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Photo courtesy Gateway Motorsports Park

“This is a tremendous event for the St. Louis region and no one knows our town better than the folks at Bommarito. They are a progressive group, known for a high standard of quality and excellence. It’s the same standard of on-track action and family-friendly experience that we look forward to delivering with our landmark event.”

“We are excited to partner with Gateway Motorsports Park and the Verizon IndyCar Series,” said John Bommarito, President of the Bommarito Automotive Group. “When approached by Gateway about the return of INDYCAR to St. Louis, we felt it was important to have a major St. Louis company step forward and support the return of open wheel racing to the region.  We are extremely proud to be the title sponsor of the Bommarito Automotive Group 500.”

Gateway will be the sixth and last oval race of the season, following earlier races in Phoenix, Indianapolis, Texas, Iowa and Pocono.

Rahal wants to turn 2016’s unrealized potential into reality in 2017

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Graham Rahal likes to say “2016 was a year of tremendous potential.”

But it also was a year that some potential was not realized.

After a career season in 2015, when he finished fourth in the Verizon IndyCar Series and earning two wins and six podium finishes, Rahal slipped back slightly in 2016, finishing fifth with just one win and only four podiums.

So what does 2017 hold in store? If things go well for the son of 1986 Indy 500 winner Bobby Rahal, the tremendous potential of 2016 will morph into potential not only realized, but could result in the younger Rahal’s best year ever.

Rahal has the power, the car, the equipment and the personnel to make some major upward moves this year.

“We just have to find going forward a way to keep that performance level, enhance it a little bit,” Rahal said. “Obviously the cars aren’t really going to change at all (major changes are planned for 2018).

“I felt like speed-wise, our performance (in 2016) was actually better than 2015, pretty considerably. We just did our season reviews about a month and a half ago, and it’s pretty clear to see performance-wise, the team performed a lot better.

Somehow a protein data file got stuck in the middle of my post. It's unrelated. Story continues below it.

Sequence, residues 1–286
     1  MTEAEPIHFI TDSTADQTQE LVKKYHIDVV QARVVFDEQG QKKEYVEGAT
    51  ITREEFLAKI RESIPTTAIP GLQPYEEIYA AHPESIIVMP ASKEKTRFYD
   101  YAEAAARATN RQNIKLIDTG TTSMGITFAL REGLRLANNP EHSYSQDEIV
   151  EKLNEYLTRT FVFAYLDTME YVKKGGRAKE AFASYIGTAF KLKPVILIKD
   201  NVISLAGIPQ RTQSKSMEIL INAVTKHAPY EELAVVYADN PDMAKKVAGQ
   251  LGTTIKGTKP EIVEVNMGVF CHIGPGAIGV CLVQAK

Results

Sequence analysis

“However, we had a lot of things that just didn’t quite go our way, whereas in 2015 we had bounces that certainly did. 2016 the bounces didn’t happen. We had to fight a lot harder, still managed to get a top-five finish in the championship.

“I think that I probably drove better last year than 2015. But hopefully the best is yet to come. As a driver you always have to be critical of where can you improve, where were mistakes, what did you kind of let go, you know, and where did you lose points.”

The 28-year-old Rahal is particularly focused on potentially following in his father’s footsteps of winning the biggest race of all, the Indianapolis 500.

In nine starts in the Greatest Spectacle In Racing, the younger Rahal has just two top-10 finishes: third in 2011 and fifth in 2015. At the opposite end of the spectrum Rahal has four finishes of 25th or worse, including two last-place showings (2008 and 2014).

“We really need to improve at Indy,” he said. “That’s our main focus of everything this off-season. And also get a little bit of those breaks. You know, that’s kind of the goal. That’s what we feel like we need.”

The younger Rahal will also reunite for at least the Indianapolis 500 and probably more races with Oriol Servia, which should help upgrade Rahal Letterman Lanigan Racing’s testing, race preparation and data sharing.